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Prototype of a thermally driven heat pump based on integrated Organic Rankine Cycles (ORC)

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  • mtzer

    s wthe se se, fRC

    ery ines aboue to prs. Betthat a

    an oil-free high speed dynamic compressor-expander assemblyrotating on refrigerant vapor bearings. Unfortunately earlierattempts of the latter failed because of the lack of appropriatematerials and because of the problem of the depletion of the ozonelinked to the CFC refrigerants, which were, at the time, the onlynon-ammable and non toxic refrigerant candidates for such high

    technical feasibility of a thermally driven heat pump based ondouble Rankine cycle using a high speed oil-free Compressor-Turbine Unit (CTU).

    2. ORCeORC high speed concept

    An ORCeORC system includes an ORC power cycle drivinga reversed Rankine heat pump cycle (see Fig. 1). The condenser andthe subcooler, if introduced, are common to both cycles. This

    * Corresponding author. Tel.: 41 21 693 67 29; fax: 41 21 693 35 02.

    Contents lists available at

    Ener

    elsevier .com/locate/energy

    Energy 41 (2012) 10e17E-mail address: [email protected] (J. Demierre).upgrade of the renewable heat from the environment. Thermallydriven heat pumps can use various fuels including wood pellets ornatural gas and are usually based on absorption heat pump cyclesor on a combination of a power cycle driving a compression heatpump cycle or a combination of both. One concept of the secondtype has been proposed by Strong [1] and is based on the use of anORC power cycle driving a reversed ORC heat pump cycle, bothusing the same uid. Such a concept can be made using a scrollexpander and a scroll compressor usually lubricated with oil or by

    one concept of miniature high speed centrifugal compressordirectly driven by a high speed electric motor rotating on refrig-erant gas bearings [2,3] opens the way to such devices with orwithout electric motor.

    The aim of this paper is to present the development of a ther-mally driven heat pump prototype based on a double ORC. Adescription of the principle is given at Section 2. The applicationthat is studied in this work is residential heating for small buildings.The goal of developing such a prototype is to demonstrate theSupercritical evaporatorGas bearingsResidential heatingOil-free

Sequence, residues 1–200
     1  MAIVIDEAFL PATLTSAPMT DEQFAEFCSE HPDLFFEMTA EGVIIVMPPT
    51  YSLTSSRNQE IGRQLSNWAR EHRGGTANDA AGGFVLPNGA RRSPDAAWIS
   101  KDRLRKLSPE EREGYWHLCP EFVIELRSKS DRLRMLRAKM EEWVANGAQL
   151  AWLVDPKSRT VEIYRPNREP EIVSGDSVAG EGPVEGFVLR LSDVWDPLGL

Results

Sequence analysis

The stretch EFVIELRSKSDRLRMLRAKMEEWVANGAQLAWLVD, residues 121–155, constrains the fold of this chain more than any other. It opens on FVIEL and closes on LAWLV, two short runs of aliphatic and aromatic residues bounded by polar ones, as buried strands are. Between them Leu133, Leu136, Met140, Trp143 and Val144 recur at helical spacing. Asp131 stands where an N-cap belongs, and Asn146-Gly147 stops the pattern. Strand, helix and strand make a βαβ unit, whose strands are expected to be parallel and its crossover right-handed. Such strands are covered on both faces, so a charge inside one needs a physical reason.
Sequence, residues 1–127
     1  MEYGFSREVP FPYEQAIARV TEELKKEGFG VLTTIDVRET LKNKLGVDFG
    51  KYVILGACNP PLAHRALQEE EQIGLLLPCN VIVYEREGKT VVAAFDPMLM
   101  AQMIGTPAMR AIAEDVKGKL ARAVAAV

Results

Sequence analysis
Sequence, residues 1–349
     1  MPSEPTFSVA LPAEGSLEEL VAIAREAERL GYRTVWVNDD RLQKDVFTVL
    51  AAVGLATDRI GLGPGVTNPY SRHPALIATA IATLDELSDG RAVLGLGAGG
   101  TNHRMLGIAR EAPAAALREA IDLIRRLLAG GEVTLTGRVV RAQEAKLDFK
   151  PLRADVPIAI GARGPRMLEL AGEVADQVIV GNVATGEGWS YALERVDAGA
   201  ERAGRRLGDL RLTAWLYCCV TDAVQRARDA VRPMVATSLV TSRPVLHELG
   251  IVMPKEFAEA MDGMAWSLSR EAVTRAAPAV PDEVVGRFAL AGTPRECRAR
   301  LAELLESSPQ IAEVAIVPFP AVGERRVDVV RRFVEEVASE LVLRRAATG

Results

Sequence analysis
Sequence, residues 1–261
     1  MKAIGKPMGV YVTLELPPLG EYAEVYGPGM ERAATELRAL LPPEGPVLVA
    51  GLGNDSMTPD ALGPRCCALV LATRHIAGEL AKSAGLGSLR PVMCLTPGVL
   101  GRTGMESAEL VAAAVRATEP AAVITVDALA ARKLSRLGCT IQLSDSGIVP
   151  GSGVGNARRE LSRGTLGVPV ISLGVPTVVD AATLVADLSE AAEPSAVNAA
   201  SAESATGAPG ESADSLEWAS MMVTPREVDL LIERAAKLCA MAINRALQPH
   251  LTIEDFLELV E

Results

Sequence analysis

1. Introduction

    Single combustion in boilers is a vThe higher cost of fuels and concernput more and more political pressurfor most building heating purposelinked to the use of heat pumps0360-5442/$ e see front matter 2011 Elsevier Ltd.doi:10.1016/j.energy.2011.08.049obtained with an in-house supercritical evaporator simulation program and measurements made on theDTC is presented. The design steps of the compressor-turbine are briey presented. The compressor-turbine unit has been balanced and tested, with air, at speeds up to 140,000 rpm.

    2011 Elsevier Ltd. All rights reserved.

    fcient heating process.t pollution are likely toevent the use of boilerster alternatives are allllow the recovery and

    temperature cycles. Progress in materials and the emergence ofnew uids, to substitute the CFCs with a reasonably high temper-ature chemical stability and/or acceptance, allow the reconsidera-tion of these ORCeORC concepts. At present, HFC-134a or R600 arekey working uid candidates, together with new low GlobalWarming Potential (GWP) refrigerants being in developmentwithin the same range of pressures. The recent demonstration ofThermally driven heat pumpORCheat exchanger for the supercritical evaporation is the double tube coil (DTC). A rst experimental setuphas been built to test the pump and the supercritical evaporator. A comparison between the resultsKeywords:system are the compressor-turbine unit, the supercritical evaporator and the pump. The selected type ofPrototype of a thermally driven heat puCycles (ORC)